John Kelvin “Jack” Koelsch MOH

b. 22/12/1925 London, England. d. 16/10/1951 Prison Camp, Korea.

DATE OF MOH ACTION: 03/07/1951 near Wonsan, Korea.

John K Koelsch MOH

John Kelvin Koelsch was born in London and was educated at the Choate School and Princeton University. He served in the British RAF and fought in The Blitz before he joined the U.S. Naval Reserve as an aviation cadet on September 14, 1942, and was commissioned as an ensign on October 23, 1944, after completing flight training he served in the Pacific War. During the next few years, he served at Naval Air Stations at Fort Lauderdale, Florida, and Norfolk, Virginia, and subsequently flew with Composite Squadron 15 and Torpedo Squadrons 97 and 18. He became an accomplished torpedo bomber pilot, and was promoted to lieutenant (junior grade) on August 1, 1946. Despite first entering Princeton in September 1941, he returned to the university after the war, and finally graduated in 1949.

After the outbreak of the Korean War, he joined Helicopter Squadron 1 (HU-1) at Miramar, California, in August 1950. As Officer in Charge of a helicopter detachment, he joined USS Princeton in October for pilot rescue duty off the eastern coast of Korea. He served in Princeton until June 1951, when he joined Helicopter Squadron 2 (HU-2) for pilot rescue duty off Wonsan, Korea, then under naval blockade. He provided lifeguard duty for pilots who were downed either in coastal waters or over enemy-held territory. On June 22, he rescued a naval aviator from the waters of Wonsan Harbor, southeast of Yo Do Island.

Late in the afternoon of July 3, 1951, Koelsch responded to a distress call from a Marine aviator, Captain James V. Wilkins, whose F4U Corsair had been hit by enemy fire during an armed reconnaissance mission about 35 miles (56 km) southwest of Wonsan. Wilkins parachuted from his burning plane at low altitude and survived, despite being severely burned about the legs. Despite approaching darkness, worsening weather, and enemy ground fire, Koelsch located the downed aviator in the Anbyon Valley and began his pickup. Thick fog prevented the air cover from protecting the unarmed HO3S helicopter, and intense enemy fire downed the craft as crewman George M. Neal, AM3, hoisted the injured pilot toward the helicopter. All three men survived the crash; and, after hiding in the mountains from enemy patrols for three days, they began a slow march to the coast. After six more days, they reached a coastal village where they were captured the following day while hiding in a hut. During his captivity, though beaten and abused, Koelsch refused to aid his captors or submit to interrogation. His fortitude and personal bravery inspired his fellow prisoners.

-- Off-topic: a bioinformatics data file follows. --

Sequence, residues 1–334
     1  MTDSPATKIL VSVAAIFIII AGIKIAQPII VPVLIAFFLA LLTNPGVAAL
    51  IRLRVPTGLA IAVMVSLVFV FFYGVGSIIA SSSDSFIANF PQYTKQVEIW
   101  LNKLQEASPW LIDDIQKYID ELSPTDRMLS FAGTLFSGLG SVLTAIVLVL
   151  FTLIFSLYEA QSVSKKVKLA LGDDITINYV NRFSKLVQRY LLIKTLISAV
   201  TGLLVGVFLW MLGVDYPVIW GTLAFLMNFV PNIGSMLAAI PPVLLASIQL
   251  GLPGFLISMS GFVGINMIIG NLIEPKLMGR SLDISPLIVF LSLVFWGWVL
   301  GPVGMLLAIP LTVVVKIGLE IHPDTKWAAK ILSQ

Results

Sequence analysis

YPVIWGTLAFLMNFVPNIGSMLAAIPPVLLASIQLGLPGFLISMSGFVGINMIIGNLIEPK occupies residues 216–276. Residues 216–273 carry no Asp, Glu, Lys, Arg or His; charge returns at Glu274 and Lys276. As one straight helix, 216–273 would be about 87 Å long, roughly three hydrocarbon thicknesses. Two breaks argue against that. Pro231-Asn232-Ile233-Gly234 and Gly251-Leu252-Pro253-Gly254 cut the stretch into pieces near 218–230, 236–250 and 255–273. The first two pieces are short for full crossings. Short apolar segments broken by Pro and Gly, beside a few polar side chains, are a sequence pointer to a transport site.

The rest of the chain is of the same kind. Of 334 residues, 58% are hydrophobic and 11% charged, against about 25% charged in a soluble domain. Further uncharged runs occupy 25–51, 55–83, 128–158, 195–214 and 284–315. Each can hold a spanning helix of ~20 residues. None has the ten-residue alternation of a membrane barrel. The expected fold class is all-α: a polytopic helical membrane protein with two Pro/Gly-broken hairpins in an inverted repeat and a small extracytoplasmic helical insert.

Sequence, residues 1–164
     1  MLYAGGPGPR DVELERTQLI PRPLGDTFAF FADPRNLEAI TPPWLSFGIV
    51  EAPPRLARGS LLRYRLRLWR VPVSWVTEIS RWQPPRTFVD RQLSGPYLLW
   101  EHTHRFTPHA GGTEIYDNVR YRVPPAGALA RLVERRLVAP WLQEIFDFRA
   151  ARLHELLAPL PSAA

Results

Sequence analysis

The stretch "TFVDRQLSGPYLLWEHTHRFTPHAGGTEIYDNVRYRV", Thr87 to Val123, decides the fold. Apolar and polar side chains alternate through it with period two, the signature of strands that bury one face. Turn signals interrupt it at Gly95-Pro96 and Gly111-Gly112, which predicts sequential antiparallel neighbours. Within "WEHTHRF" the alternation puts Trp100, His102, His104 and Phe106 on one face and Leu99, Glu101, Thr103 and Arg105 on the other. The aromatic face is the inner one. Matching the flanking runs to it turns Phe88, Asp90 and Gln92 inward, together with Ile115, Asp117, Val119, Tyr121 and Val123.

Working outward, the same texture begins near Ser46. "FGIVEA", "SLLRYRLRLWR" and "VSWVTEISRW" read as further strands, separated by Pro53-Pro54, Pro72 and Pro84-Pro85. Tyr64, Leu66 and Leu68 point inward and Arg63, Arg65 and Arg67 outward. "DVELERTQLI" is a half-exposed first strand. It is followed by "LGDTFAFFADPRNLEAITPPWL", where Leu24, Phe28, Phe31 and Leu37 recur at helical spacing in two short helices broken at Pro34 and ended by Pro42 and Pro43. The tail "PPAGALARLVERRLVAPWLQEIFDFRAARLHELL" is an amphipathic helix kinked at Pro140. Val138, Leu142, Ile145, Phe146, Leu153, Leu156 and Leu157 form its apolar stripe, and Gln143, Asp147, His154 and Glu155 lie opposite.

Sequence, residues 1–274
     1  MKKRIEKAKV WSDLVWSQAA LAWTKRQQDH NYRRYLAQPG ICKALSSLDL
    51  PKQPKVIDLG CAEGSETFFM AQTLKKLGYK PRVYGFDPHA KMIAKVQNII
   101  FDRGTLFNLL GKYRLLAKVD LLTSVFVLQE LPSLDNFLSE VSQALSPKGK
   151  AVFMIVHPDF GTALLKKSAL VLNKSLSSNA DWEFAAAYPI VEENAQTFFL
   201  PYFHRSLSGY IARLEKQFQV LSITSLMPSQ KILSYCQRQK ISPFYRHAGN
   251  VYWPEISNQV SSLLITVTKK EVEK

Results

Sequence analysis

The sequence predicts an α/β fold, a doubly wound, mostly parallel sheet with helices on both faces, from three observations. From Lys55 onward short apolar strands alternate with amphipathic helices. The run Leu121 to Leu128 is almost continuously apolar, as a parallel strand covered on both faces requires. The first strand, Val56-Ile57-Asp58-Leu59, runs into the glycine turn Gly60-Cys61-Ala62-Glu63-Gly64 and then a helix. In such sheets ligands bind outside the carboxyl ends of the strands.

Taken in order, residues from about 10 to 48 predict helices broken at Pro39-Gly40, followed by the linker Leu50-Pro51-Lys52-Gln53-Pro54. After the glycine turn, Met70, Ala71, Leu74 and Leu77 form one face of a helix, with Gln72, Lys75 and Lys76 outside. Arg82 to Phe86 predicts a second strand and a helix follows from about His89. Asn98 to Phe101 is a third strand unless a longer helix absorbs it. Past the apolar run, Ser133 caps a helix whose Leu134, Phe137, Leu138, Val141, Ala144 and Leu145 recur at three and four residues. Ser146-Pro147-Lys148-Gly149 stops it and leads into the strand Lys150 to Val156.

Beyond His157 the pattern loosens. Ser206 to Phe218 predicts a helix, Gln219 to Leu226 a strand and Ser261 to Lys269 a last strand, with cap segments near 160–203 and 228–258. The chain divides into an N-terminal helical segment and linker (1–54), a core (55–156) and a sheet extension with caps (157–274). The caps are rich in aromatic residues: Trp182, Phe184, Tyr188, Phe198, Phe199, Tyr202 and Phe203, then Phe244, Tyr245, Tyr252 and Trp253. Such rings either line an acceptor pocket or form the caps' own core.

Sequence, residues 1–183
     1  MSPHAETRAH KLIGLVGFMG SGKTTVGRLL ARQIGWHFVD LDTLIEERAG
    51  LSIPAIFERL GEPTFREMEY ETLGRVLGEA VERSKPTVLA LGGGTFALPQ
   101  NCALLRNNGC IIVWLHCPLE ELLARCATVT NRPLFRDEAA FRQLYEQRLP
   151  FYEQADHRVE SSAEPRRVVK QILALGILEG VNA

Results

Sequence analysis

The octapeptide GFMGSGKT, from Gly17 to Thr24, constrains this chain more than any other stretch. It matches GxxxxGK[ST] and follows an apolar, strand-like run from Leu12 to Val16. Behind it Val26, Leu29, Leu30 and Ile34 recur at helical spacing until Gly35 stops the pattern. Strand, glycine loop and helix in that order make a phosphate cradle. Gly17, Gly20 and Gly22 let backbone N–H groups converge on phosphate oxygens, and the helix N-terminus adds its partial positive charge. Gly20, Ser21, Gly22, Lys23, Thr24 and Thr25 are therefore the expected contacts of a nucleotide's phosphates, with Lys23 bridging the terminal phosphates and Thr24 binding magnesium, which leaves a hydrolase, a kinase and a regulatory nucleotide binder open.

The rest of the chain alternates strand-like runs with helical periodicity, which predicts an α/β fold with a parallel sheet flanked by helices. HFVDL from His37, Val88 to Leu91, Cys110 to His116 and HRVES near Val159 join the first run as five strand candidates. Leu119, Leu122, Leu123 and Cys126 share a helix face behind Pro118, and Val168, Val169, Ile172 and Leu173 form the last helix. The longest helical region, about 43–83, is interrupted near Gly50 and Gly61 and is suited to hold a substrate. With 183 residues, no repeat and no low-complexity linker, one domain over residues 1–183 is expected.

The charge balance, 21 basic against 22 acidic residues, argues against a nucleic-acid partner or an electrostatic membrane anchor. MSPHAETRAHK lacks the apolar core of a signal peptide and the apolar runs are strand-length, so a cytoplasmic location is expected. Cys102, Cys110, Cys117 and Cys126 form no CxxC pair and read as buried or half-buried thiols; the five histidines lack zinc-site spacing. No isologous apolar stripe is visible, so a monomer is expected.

Koelsch died of malnutrition and dysentery on October 16, 1951, while a prisoner of war. On August 2, 1955, he was posthumously awarded the Medal of Honor for his actions in Korea. It was presented at The Pentagon to his mother by the Secretary of the Navy, Charles S. Thomas.



For conspicuous gallantry and intrepidity at the risk of his life above and beyond the call of duty while serving with a Navy helicopter rescue unit. Although darkness was rapidly approaching when information was received that a marine aviator had been shot down and was trapped by the enemy in mountainous terrain deep in hostile territory, Lt. (j.g.) Koelsch voluntarily flew a helicopter to the reported position of the downed airman in an attempt to effect a rescue. With an almost solid overcast concealing everything below the mountain peaks, he descended in his unarmed and vulnerable aircraft without the accompanying fighter escort to an extremely low altitude beneath the cloud level and began a systematic search. Despite the increasingly intense enemy fire, which struck his helicopter on one occasion, he persisted in his mission until he succeeded in locating the downed pilot, who was suffering from serious burns on the arms and legs. While the victim was being hoisted into the aircraft, it was struck again by an accurate burst of hostile fire and crashed on the side of the mountain. Quickly extricating his crewmen and the aviator from the wreckage, Lt. (j.g.) Koelsch led them from the vicinity in an effort to escape from hostile troops, evading the enemy forces for nine days and rendering such medical attention as possible to his severely burned companion until all were captured. Up to the time of his death while still a captive of the enemy, Lt. (j.g.) Koelsch steadfastly refused to aid his captors in any manner and served to inspire his fellow prisoners by his fortitude and consideration for others. His great personal valor and heroic spirit of self-sacrifice throughout sustain and enhance the finest traditions of the U.S. Naval Service.